Defining substitution

We call substitution for d from Γ to Δ, a function which provides for each variable in Γ a term of type `μ d using variables taken in Δ.

subst[_] : ∀ {V} → Desc → List V → List V → Set subst[ d ] Γ Δ = ∀ v → v ∈ Γ → `μ d Δ

As one would expect from the name of this function, given a substitution for d from Γ to Δ and a term in `μ d with free variables ranging in Γ, one can build a term in `μ d only using variables in Δ. The whole process corresponds to applying this substitution and is defined by two mutually defined functions.
A term is either a variable, in which case we can just apply the substitution, or it is an inhabitant of the functor applied to the fixpoint and we rely on the helper function to propagate calls to the substitution on recursive positions.

mutual _∶_⇇_ : ∀ {V} {Γ Δ : List V} d (t : `μ d Γ) (ρ : subst[ d ] Γ Δ) → `μ d Δ d ∶ `⟨ inj₁ (v , pr) ⟩ ⇇ ρ = ρ v pr d ∶ `⟨ inj₂ t ⟩ ⇇ ρ = `⟨ inj₂ (map⟦ d ⟧ t ρ) ⟩

The helper function is quite straightforward to define except for the case where we go under a binder. In this case, we extend the substitution with the identity on the first variable and weaken the terms corresponding to the other ones. The careful reader will notice the generalization applied to the type of the recursive positions to ensure that the definition goes through. In practice, all direct calls to map⟦_⟧ will be such that d = e.

map⟦_⟧ : ∀ {V} d {e} {Γ Δ : List V} (t : ⟦ d ⟧ (`μ e) Γ) (ρ : subst[ e ] Γ Δ) → ⟦ d ⟧ (`μ e) Δ map⟦ `σ[ A ] d ⟧ (a , t) ρ = a , map⟦ d a ⟧ t ρ map⟦ `r d ⟧ (r , t) ρ = _ ∶ r ⇇ ρ , map⟦ d ⟧ t ρ map⟦ `1 ⟧ t ρ = t map⟦ `λ d ⟧ (v , t) ρ = v , map⟦ d ⟧ t ρ' where ρ' = λ { .v z → `⟨ inj₁ (v , z) ⟩ ; w (s pr) → weaken _ _ (ρ w pr) }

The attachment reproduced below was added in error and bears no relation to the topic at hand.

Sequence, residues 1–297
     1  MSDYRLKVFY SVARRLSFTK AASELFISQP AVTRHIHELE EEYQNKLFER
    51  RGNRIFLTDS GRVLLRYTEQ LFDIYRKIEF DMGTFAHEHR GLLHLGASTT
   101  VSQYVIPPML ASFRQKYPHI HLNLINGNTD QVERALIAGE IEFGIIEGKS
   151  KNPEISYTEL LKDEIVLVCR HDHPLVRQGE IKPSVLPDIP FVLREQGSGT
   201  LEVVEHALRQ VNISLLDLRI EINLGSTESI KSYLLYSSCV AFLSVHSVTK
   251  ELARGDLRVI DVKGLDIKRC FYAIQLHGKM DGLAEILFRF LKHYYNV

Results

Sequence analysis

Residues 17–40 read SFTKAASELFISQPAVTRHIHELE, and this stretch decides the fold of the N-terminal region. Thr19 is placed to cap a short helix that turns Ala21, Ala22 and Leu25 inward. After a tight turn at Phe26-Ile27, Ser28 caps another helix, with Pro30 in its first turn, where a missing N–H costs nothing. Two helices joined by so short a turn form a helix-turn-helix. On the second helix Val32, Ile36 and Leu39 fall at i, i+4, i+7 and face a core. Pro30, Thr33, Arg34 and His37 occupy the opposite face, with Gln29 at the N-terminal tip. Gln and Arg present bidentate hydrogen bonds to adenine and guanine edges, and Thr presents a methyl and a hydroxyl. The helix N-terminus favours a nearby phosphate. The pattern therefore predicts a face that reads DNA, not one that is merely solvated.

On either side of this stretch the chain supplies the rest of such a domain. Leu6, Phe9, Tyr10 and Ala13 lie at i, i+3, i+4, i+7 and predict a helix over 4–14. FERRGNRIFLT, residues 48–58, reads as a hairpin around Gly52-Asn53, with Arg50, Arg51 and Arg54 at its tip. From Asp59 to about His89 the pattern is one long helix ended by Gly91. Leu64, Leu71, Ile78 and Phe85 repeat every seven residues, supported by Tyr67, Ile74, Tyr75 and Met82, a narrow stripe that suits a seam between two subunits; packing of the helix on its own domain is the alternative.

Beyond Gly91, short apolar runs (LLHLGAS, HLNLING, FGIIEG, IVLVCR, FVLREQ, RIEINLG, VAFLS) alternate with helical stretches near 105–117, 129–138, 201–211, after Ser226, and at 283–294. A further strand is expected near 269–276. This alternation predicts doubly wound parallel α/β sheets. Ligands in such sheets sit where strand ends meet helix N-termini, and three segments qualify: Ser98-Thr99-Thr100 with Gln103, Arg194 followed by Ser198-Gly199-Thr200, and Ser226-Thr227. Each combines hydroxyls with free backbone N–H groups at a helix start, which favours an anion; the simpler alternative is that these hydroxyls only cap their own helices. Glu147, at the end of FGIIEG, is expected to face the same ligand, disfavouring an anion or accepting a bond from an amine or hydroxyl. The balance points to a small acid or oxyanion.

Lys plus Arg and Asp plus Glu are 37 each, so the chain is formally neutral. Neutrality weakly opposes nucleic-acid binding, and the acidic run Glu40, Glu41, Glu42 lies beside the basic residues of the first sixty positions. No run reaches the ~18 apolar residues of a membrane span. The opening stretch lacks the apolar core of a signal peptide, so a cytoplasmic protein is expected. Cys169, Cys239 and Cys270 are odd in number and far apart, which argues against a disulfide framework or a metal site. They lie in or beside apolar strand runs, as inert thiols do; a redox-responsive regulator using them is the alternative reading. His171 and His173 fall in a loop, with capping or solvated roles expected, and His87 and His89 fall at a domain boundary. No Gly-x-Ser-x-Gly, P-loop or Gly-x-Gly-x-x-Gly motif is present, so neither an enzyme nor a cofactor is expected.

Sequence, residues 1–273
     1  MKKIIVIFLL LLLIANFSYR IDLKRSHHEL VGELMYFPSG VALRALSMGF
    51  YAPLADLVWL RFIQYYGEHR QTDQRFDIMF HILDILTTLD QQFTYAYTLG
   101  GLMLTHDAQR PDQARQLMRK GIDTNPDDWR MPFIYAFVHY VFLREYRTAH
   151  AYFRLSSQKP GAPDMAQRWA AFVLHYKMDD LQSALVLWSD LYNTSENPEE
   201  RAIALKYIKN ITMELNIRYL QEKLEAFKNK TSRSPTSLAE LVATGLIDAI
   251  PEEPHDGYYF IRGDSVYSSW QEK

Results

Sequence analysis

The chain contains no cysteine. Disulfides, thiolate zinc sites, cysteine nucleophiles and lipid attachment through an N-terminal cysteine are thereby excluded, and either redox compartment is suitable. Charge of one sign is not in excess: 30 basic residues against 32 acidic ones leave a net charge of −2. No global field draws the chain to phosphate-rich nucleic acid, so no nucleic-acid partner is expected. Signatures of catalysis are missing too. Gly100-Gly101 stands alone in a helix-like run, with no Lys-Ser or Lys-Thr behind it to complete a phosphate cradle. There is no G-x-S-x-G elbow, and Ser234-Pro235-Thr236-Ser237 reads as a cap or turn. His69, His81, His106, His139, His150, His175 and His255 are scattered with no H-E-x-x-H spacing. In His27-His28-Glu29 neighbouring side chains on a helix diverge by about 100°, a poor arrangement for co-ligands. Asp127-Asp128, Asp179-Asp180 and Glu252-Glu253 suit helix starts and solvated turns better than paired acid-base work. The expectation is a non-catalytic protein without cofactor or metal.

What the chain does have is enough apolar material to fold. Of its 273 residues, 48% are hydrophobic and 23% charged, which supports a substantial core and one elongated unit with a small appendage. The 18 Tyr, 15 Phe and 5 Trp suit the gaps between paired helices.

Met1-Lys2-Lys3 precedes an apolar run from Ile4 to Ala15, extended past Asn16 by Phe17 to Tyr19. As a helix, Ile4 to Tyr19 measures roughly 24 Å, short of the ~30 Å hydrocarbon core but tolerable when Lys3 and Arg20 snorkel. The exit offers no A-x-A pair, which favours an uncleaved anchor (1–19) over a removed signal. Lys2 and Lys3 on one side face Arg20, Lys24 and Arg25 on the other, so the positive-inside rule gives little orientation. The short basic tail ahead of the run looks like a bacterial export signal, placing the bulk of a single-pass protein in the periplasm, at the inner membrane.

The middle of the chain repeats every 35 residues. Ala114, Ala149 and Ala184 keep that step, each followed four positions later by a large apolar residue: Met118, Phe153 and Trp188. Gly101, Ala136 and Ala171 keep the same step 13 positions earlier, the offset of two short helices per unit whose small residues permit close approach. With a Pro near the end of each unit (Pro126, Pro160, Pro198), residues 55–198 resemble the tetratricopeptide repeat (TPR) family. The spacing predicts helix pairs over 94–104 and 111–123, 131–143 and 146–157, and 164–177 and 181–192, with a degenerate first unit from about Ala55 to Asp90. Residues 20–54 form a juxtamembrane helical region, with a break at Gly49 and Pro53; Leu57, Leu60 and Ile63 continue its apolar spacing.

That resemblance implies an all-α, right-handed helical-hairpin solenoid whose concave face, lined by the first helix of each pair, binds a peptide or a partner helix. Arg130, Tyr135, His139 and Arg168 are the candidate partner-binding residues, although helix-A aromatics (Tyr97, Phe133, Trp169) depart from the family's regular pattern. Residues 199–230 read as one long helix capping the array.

Given an easy proof relying on weakening that the identity substitution exists, it is rather easy to define what's named β reduction in the lambda calculus.

βred : ∀ {V} d {Γ v} → `μ d (v ∷ Γ) → `μ d Γ → `μ d Γ βred d {Γ} {v} t u = d ∶ t ⇇ ρ where ρ = λ { .v z → u ; w (s pr) → subst-id d Γ w pr }


When building examples, we introduce enumerations of labels corresponding to the different constructors of the language. We hope the definitions of the various Desc functors to be easier to understand this way.
Let's start with a very simple language: the untyped lambda calculus. Its grammar has two components: one can introduce a lambda abstraction (label lam) which binds a variable and contains a subterm (a recursive position `r) or an applications (label app) which contains two subterms. The set of lambda terms with variables in Γ is then given by . The set of closed terms is therefore lc []

lc-grammar : Desc lc-grammar = `σ[ lc-labl ] λ { lam → `λ `r `1 ; app → `r `r `1 } lc : ∀ (Γ : List ⊤) → Set lc Γ = `μ lc-grammar Γ

Using Andjelkovic and Gundry's pattern synonyms [4], we can recover a nice syntax closer to the one we are used to. Our lambdas, variables and applications will desugar to the somewhat horrendous codes describing elements of the fixpoint of lc-grammar. We can, for instance, define the well-known looping function .

:δ :Ω : lc [] :δ = :λ :v z :$ :v z :Ω = :δ :$ :δ

We can now define a function fire : lc [] → Maybe (lc []) which explores a (closed) term looking for a redex and returns either nothing if the term is in weak-head normal form or just the term after having fired the first redex encountered. Iterating fire on a term gives rise to an execute function which produces a CoList of successive reducts.

As one would expect, running yields an infinitely long CoList of s.

lemma : execute :Ω ≣ repeat :Ω lemma = ∷ ♯ lemma

What's next?

I cooked up the indexed version with which it is possible to get sexy well-typed terms for the simply-typed lambda calculus such as `K. But that is another story.

`K : ∀ {Γ σ τ} → Γ ⊢ σ `→ τ `→ σ `K = :λ :λ :v (s z)


Last update: 2013/04/11